In New England (United States) climate change models forecast increasingly intense, frequent floods. Communities in this region are already experiencing these changes, along with the negative consequences associated with them, such as inundation, erosion, natural habitat destruction, and property damage. As it is in many places around the world, agriculture in New England is often in floodplains, which means that farmers are at greater risk due to where they farm. These farmers are already adapting to the increased risk of flooding; however, some of their actions may affect communities downstream, both human and ecological. This case study examines the competing perspectives of farmers and other community stakeholders in New England as farmers work to adapt to increasing flood impacts. Our premise is that, considering the intensified pressures of climate change on agriculture near rivers and streams, we must find ways to allow farmers to adapt to protect their farms and downstream communities.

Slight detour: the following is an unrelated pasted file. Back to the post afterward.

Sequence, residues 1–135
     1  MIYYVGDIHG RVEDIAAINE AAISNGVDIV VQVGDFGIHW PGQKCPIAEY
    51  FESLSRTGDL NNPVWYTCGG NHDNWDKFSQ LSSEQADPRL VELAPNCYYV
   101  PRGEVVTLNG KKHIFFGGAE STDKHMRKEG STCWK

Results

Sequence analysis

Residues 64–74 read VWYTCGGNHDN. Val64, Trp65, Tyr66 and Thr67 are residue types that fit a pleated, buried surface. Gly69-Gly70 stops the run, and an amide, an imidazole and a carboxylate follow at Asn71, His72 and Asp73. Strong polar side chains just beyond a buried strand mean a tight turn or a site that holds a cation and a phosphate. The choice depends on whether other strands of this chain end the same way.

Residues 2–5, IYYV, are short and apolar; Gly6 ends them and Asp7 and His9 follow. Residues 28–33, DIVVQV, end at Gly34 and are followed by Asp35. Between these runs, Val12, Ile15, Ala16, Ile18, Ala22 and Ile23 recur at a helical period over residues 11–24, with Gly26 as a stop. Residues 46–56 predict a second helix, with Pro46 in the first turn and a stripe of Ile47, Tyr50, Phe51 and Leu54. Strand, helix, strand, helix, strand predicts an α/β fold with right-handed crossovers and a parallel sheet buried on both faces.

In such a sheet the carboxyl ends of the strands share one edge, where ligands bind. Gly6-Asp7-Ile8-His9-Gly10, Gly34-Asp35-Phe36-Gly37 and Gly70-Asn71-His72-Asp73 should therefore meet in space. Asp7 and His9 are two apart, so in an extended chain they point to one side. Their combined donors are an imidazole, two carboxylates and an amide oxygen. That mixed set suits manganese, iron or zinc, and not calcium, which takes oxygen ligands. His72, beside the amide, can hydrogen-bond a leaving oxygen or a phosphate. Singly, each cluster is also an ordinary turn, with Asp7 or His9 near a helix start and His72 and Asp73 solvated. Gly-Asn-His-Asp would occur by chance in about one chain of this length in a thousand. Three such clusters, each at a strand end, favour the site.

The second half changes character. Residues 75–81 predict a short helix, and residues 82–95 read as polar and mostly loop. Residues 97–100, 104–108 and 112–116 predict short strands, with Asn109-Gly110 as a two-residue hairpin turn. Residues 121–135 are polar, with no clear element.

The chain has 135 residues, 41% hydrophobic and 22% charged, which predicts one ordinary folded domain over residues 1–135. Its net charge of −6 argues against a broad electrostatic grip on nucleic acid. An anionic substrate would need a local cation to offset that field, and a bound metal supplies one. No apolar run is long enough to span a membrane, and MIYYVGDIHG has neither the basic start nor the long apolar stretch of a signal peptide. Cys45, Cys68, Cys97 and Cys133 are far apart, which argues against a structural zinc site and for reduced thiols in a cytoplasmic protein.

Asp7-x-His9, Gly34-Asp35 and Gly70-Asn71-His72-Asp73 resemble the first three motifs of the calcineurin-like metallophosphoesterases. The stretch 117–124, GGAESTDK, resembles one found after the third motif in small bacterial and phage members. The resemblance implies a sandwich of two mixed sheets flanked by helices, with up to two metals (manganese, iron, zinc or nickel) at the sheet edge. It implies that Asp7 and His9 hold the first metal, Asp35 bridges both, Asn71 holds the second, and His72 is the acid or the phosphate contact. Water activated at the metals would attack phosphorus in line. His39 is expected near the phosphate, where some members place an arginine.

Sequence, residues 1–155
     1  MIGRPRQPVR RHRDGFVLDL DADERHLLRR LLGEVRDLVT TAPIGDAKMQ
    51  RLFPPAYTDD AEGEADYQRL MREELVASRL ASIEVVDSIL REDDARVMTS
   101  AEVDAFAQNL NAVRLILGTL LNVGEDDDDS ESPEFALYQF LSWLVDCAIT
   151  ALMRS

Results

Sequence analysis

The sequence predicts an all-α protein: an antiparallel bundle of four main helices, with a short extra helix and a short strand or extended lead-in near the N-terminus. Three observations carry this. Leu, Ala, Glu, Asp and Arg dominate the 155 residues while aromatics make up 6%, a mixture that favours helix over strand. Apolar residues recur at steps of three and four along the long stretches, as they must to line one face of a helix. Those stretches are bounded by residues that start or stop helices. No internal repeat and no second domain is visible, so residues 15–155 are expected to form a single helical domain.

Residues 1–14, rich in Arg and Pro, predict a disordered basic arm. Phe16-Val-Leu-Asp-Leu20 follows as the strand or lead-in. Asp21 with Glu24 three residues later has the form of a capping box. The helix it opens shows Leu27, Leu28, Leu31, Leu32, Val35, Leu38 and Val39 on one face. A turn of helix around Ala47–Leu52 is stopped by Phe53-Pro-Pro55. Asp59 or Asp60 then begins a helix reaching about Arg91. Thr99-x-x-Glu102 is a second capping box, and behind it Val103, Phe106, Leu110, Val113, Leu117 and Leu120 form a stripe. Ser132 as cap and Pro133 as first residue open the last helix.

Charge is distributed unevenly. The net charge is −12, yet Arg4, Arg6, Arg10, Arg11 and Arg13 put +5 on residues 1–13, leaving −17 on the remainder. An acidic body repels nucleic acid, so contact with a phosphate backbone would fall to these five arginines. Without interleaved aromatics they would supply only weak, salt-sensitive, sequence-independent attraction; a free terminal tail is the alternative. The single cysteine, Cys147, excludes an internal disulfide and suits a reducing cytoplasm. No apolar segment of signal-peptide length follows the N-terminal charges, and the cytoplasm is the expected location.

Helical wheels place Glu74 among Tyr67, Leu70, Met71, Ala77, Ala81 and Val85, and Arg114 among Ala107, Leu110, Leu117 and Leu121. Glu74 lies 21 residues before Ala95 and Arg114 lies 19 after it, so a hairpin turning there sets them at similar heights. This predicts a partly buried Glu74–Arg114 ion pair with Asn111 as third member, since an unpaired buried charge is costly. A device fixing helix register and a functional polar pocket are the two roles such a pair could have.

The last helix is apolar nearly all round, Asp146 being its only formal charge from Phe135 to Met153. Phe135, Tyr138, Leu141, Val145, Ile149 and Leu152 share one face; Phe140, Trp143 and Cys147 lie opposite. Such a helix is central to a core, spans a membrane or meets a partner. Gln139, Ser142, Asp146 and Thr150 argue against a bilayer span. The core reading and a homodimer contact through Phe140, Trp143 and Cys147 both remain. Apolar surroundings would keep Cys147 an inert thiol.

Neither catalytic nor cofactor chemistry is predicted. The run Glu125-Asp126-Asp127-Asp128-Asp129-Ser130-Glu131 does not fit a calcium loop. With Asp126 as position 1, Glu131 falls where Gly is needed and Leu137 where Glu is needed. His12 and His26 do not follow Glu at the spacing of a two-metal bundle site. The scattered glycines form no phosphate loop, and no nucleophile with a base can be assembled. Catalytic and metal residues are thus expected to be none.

KEY MESSAGE

Farms along rivers often support local communities and ecosystems but climate change is forcing farmers to adapt to flooding in New England; sustainable adaptations must incorporate community members to ensure some are not made more vulnerable due to upstream adaptations.

INTRODUCTION